February 17, 2018
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Emmanuel “El Punisher” Rivera (4-0) is a fighter to look out for over the next couple of years. At Legacy Fighting Championship 62, we see Rivera take on another undefeated fighter in Chris Mullins (3-0) in what promises to be an exciting matchup. Rivera attributes his love of combat sports and comfort in the cage in part to his family background.

“I started boxing when I was younger with my uncle. We would have backyard brawls. I have five cousins about the same age, all of us are within five years of each other, and we’d be rough and tough. I watched the UFC and told my roommate I could do that. I started by competing in Toughman, and won three in one year. I went to the gym to work on boxing and got persuaded to try MMA. I lost my first amateur fight. It was against a wrestler and I had no ground game. He basically took me down and ground it out. After that, I worked to improve my ground game and won my second fight and went on from there.”

Rivera spent a lot of his life in Oklahoma, where he still lives, although he originated in a very different area.

“I’m originally from Chicago, Illinois and moved to a small town in Oklahoma when I was young. It was bit of a culture shock coming from very racially diverse big city to a not-so-diverse small town. I think that [in] moving there, things turned out for the better, though.”

We last saw Rivera at Legacy Fighting Championship 45 when he defeated Wesley sharp (2-2) by a devastating KO that saw Rivera switch stance and floor his opponent with a savage right hand. Since that fight, Rivera has obtained two more TKOs.

“My strength is definitely my striking. I love technical knockouts. I like the movement and calculation of getting a TKO, rather than just hitting someone hard and them being knocked out. I like to be technical and beat the guy. I feel TKOs are better in that sense. It’s more satisfying than a regular KO, when someone just goes to sleep and more demoralizing for your opponent.”

Rivera trains in Edmonton, OK at American Elite MMA and Oklahoma Wrestling Academy.

“I train my wrestling at the Wrestling Academy and my Jiu Jitsu and Muay Thai at American Elite. We have some really good guys there like Derrick Adkins, who is also on the card, and the Jackson brothers who are both black belts and have a lot of fights. When I joined, there were about five to six guys fighting. Now two years later, we have seventeen or eighteen guys fighting or about to fight who are at the gym a lot.”

Chris Mullins, Rivera’s opponent, also has two of his three professional wins as TKO’s.

“I don’t know too much about him. I know that he likes to strike too. One of my teammates fought him and lost to a decision as an amateur. I’m not worried about what he’s going to do, more about what I’m going to do.”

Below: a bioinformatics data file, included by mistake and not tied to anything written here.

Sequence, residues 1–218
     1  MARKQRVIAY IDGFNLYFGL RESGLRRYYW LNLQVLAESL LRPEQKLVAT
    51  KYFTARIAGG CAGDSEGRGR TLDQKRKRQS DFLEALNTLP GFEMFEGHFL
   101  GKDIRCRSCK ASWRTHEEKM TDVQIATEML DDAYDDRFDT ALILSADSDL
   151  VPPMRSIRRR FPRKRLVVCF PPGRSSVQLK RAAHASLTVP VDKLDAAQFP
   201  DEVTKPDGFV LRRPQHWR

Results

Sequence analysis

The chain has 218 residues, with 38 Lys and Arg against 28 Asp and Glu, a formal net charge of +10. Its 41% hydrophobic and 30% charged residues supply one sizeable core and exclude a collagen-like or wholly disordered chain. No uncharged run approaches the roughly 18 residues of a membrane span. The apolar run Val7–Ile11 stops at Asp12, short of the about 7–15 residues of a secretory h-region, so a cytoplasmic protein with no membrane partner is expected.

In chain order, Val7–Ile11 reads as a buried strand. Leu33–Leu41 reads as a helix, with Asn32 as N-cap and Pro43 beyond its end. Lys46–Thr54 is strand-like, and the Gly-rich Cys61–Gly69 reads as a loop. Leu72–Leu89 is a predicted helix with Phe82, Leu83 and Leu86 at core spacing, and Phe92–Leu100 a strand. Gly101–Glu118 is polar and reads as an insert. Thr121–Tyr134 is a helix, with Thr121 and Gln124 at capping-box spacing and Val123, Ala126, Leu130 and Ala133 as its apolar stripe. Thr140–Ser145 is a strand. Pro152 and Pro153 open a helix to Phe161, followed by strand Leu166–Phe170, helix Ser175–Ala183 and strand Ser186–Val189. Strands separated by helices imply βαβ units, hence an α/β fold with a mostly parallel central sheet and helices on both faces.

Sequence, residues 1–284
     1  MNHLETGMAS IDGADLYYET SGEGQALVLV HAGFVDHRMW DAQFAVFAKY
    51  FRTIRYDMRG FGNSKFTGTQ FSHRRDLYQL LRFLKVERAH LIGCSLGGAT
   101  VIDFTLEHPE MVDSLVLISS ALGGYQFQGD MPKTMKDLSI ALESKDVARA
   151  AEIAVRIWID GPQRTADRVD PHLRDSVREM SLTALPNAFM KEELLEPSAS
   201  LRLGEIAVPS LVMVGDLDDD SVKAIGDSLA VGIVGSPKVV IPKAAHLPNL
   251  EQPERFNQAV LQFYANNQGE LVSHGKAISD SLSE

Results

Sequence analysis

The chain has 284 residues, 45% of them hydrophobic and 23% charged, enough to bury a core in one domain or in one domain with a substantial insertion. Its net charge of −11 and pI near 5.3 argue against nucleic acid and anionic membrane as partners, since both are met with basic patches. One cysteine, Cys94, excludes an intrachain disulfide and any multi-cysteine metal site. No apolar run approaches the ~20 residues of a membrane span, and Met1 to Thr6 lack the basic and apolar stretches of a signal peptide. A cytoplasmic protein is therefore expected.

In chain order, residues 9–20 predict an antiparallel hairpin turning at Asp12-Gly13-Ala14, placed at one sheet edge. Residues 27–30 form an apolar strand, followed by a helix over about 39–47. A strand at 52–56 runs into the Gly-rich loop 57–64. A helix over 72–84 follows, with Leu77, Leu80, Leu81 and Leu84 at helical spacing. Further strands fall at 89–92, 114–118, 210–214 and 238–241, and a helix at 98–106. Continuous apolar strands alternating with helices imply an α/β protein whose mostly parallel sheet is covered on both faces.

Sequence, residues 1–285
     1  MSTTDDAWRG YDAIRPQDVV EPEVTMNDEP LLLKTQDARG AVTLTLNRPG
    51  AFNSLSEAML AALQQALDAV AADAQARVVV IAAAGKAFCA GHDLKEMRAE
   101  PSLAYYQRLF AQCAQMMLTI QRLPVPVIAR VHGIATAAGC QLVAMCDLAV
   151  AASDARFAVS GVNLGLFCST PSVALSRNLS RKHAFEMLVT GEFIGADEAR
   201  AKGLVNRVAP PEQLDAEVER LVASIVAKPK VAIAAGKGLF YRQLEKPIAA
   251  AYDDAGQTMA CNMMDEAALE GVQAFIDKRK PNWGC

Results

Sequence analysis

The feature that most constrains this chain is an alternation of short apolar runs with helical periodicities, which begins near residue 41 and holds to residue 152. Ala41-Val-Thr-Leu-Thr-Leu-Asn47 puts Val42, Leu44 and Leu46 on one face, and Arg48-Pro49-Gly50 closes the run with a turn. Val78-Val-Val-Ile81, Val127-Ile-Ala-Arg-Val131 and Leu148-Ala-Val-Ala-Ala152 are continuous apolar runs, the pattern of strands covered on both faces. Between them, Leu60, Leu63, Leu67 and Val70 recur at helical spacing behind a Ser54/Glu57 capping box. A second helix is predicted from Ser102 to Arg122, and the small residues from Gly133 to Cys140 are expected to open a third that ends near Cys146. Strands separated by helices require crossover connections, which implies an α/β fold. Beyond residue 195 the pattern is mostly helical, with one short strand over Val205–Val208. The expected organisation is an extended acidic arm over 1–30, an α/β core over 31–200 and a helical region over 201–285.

Having started with a strong boxing base, Rivera still trains a little boxing, but his focus tends to be on other aspects of the game.

“I do a lot of wrestling training and grappling. It’s more technical and there’s a lot to it, so grappling is what I really focus on. I work the clinch, my offense and defense. I probably work on my defense the most; more than offense, but there are guys out there who have a really good ground game. I’m just a blue belt, so I’m catching up.”

After this fight, Rivera feels that his body would benefit from a rest, and that it’s important to take good care of yourself in this sport.

“I want to take the rest of the year off from fighting. This next year I’m looking to get some bigger fights. I was due to fight at the end of January but it looks as if that might not happen. I was asked to fight at the beginning of January but I’m not sure. What happens all depends on this fight. I’m looking for longevity in this sport. I need to be okay and still able to walk in four years, so it all depends what happens.”

As with most professional fighters, Rivera also works to pay the bills.

“I was teaching ballroom dancing and doing boxing privates. I also work for a company who owns radio stations as a technician. I do an MMA segment when something big happens, and there’s a big story with Craig Humphries. He does a show from 9 AM to 12 AM on The Sports Animal. I’m on there about once a week or couple of weeks. I’d like to do more of that in future.”

Training as a professional fighter on top of working fills up a lot of time.

“When I’m not doing that, I like chilling and relaxing, spending the time with my girlfriend and stepson. I wake up do private sessions, work, and train, prepare food and hang out with my family.”

As Rivera stated, until recently he also taught dancing.

“We would teach the fifth grade at different schools. We would take up the PE class and do ballroom dancing. It was a mentoring program disguised as dancing. We’d teach merengue, salsa and other dancing. At the end, we’d choose kids and have a competition between schools at the end of the twelve weeks. I had to let go of something, and unfortunately it was that. It was seasonal work, so in the summer you’d be left hanging work-wise; but it was a really good thing to be involved with.”

Coming into this fight, Rivera is confident and excited.

“I’m ready to go, I’m in shape. This is going to be the biggest fight of my life. There’s nothing I’ll hold back. I want to get the early TKO, and then walk out of there and enjoy Thanksgiving and Christmas.

“I want to thank my teams, American Elite and Oklahoma Wrestling Academy. Also my sponsors, Vapor Hut, Life Change Ballroom, Butlers Detail, One Healthy Bod, New Age Nutrition, Doug Crane Tattoos, Patriot Pharmacy and Integrity Promo.”